The first thing we need to think of is how we’ll be gathering the information about users. It’s quite easy - we just need to get a request from a visitor. Of any kind - it may be a request to get an image, a file, a stylesheet or a script.
Then we’ll just parse headers from that request and save the extracted data in the database. The only problem here is: how to get unique key from each request?. We may use visitor’s IP address. It’s the easiest way.
Now, let’s decide what pages will our application have and what will they look like:
Let’s create a set of pages, we described above. They will be used later to display real data, but for now we’ll stub the real data with constants.
To make our prototyping smooth and fast, we’ll use Twitter Bootstrap. We’ve installed it already with Bower, so we’ll be just using it. We need to implement these pages only:
- landing page
- sign up / sign in page
- account settings page
- apps list page
- application page
- application create / edit page
Six pages, huh? Let’s do it quick:
And to make Bower-managed libraries available in our views, we need to add one more path to the server configuration:
As you can see, we used Jade’s block extending and split our templates into one layout and many partials, so our file tree is clean and changing any of the pages will not be a hard task.
In our frontend application we’ll use something called MVVM. That is a design pattern, kindly provided by Angular. So our views will be displaying data and transferring it to controllers (or ViewModels), and all the logic, handling that data will be defined in controllers and services, representing Models. Actually, our models will be handled on a server-side, and services will only provide an interface to them. But that is totally another story and will be described later.
For now let’s integrate Angular in our application. And we’ll start, deciding how we’ll split our application on the Angular layer. Pages we described above are used for these actions:
And so we can define corresponding Angular controllers:
Basically, here’s how SPA works:
- user enters a website
- user, say, clicks on a link to change the page
- if application needs partial, it requests server for a HTML partial
- application renders a retrieved (or cached) partial in a browser
Let’s start and you will see how easy it is!
We’ll start, adding Angular to our
Now when we have Angular inside the
bower_components directory, let’s add its references to
Now, the only two things we need to start using Angular right away are:
- Angular controller, which will contain scope with variables and functions for the page’ portion
Yeah, we definitely need some clarifications about those two new words.
Angular defines a few kind of bricks, you may use to build an entire application:
- templates - dynamically changed HTML files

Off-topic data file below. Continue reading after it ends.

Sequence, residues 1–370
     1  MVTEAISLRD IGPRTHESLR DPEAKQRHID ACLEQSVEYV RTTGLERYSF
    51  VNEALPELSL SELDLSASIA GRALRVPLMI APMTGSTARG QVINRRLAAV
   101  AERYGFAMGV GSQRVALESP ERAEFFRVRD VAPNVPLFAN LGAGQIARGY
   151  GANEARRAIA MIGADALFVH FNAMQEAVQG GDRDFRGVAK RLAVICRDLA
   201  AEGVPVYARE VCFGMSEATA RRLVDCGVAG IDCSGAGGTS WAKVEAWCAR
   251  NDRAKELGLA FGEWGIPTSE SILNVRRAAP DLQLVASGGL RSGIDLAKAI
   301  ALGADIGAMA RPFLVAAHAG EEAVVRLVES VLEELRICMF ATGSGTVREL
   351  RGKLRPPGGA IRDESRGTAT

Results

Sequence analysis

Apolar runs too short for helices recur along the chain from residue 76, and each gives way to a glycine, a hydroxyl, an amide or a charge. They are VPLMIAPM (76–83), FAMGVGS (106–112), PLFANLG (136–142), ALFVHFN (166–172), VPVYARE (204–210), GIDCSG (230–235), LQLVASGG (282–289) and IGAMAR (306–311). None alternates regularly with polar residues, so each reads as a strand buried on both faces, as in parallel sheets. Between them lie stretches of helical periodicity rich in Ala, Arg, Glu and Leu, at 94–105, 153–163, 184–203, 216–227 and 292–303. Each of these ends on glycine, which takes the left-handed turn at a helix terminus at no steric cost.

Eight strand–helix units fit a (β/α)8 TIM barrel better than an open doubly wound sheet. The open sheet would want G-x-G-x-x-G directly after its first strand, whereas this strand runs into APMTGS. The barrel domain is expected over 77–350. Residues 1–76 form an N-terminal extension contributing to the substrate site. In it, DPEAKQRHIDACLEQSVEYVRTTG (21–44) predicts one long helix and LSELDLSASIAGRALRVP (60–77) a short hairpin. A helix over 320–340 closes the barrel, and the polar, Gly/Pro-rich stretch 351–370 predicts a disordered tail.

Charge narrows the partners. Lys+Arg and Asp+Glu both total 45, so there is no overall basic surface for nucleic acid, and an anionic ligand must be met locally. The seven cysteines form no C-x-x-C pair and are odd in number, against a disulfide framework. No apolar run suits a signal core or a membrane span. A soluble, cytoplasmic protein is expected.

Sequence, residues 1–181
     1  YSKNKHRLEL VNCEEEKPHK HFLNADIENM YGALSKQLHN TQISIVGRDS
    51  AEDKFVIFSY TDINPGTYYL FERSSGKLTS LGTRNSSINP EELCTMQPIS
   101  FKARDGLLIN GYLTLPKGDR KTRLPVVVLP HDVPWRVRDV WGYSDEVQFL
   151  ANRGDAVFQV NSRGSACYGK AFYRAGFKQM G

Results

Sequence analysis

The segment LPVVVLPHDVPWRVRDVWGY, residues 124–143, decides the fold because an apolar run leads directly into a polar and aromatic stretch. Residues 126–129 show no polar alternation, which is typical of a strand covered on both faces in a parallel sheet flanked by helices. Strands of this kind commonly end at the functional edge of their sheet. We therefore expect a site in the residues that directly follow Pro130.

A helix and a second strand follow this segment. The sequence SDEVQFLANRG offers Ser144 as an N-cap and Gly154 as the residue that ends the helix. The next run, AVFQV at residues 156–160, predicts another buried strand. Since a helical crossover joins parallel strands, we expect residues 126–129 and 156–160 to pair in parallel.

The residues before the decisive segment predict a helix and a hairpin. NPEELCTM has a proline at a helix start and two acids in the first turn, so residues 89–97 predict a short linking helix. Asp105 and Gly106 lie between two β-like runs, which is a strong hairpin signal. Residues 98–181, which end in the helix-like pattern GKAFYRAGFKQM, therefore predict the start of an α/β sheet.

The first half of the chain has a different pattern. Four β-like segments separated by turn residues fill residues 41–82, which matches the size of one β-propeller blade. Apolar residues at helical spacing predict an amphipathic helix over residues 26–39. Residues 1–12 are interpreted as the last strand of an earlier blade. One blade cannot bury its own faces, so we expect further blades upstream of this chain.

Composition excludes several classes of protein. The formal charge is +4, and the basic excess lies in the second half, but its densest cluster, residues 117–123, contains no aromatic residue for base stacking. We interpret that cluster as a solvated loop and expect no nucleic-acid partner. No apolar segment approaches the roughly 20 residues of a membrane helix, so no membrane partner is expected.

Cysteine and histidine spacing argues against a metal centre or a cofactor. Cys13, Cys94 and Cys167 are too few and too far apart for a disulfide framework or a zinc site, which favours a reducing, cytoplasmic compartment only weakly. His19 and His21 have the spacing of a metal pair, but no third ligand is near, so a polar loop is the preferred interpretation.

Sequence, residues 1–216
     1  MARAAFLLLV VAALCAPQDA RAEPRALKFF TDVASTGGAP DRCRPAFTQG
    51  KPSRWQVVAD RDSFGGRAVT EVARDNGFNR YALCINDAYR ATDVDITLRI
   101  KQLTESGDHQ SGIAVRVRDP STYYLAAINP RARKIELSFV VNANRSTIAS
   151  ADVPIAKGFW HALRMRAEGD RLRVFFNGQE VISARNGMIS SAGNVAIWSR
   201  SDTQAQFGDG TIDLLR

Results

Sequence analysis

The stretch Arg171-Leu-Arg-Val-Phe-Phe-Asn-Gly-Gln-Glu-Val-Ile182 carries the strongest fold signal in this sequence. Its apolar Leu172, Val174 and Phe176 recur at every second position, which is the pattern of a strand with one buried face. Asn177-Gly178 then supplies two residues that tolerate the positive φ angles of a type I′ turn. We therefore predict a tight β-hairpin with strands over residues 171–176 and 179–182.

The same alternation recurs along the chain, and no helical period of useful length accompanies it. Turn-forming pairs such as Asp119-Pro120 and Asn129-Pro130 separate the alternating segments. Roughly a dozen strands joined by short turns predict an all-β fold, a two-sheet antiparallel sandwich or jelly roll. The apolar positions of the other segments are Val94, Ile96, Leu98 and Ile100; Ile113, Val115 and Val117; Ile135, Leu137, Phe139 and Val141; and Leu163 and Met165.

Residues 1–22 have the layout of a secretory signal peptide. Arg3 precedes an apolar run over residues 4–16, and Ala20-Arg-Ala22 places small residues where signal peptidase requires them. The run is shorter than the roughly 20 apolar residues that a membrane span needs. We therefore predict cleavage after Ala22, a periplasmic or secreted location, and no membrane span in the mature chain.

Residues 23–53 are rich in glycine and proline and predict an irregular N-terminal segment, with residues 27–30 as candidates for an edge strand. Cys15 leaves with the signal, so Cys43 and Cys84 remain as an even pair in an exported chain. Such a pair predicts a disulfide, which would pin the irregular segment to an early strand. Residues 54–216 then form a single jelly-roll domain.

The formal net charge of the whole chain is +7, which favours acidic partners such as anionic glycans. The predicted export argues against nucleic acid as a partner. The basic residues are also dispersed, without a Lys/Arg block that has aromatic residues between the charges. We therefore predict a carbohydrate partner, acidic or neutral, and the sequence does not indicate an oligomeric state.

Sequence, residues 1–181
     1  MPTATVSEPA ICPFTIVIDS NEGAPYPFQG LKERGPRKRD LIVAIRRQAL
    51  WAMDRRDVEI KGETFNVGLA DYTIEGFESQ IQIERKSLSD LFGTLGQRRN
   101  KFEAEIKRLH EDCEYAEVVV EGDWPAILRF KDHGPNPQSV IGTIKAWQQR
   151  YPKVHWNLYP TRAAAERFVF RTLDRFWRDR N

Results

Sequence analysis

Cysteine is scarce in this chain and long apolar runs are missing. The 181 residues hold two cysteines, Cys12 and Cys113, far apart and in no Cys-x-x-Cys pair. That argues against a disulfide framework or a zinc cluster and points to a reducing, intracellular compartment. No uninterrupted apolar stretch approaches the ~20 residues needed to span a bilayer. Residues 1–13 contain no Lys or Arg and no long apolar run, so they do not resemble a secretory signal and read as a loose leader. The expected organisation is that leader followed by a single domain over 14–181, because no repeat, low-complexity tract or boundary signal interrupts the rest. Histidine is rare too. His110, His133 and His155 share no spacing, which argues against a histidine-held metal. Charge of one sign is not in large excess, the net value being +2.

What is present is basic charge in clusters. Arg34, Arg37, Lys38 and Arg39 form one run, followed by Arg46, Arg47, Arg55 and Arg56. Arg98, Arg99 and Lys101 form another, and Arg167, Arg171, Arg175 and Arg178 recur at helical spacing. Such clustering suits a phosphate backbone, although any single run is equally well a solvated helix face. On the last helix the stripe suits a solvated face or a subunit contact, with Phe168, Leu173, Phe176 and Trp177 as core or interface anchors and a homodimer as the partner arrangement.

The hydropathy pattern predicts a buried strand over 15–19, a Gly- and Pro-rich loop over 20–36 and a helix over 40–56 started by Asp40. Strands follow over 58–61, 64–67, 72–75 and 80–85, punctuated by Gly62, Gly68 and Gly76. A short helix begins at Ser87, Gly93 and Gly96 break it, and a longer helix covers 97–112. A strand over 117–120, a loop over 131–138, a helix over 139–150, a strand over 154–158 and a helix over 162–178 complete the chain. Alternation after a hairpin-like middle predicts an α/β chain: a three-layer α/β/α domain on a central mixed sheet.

- factories (or services) - helper objects, containing logic which is not directly related to views (displaying and retrieving data)
- directive - is a place, where HTML-related code is placed
On the other hand, in MVVM architecture we have three layers:
- Model - layer, performing manipulations on data; kind of database layer
- View - user interface layer
- ViewModel - stores data to be shown on UI or which was retrieved from UI
Accordingly to this scheme, in Angular we have the next logic structure:
- Model - Services
- Views - Templates, Directives
- ViewModel - Controllers
Here I did not mention two-way data binding and scopes, because first one is a part of templates and the second one is a part of controllers. And they may not be separated one from another.
Kickstarting. For real
Let’s add some Angular logic into our project. We’ll split our app into all those
controllers and services very soon. But first, we need our application in Angular to be
registered. Create a file
config.js inside the
with the following content:
And point the whole layout to use that application with the
ng-app directive on
Now when we have our app accessible by all our pages, let’s create our first controller,
which will handle exactly one page, the landing page. To expose our controllers,
we need to make a module, consisting of controllers and add it as a dependency
to our application. If you take a look at the application definition, it is also
a module. The first parameter to
angular.module() function is a module name,
the second one is a list of dependencies.
Controllers are defined in a same way, but the dependency list for them contains
module definition as the last element as well. Let’s define a
Here we defined a module
ourStatsControllers, which will contain all the controllers
LandingPageCtrl controller, which is a module of the same name, with a single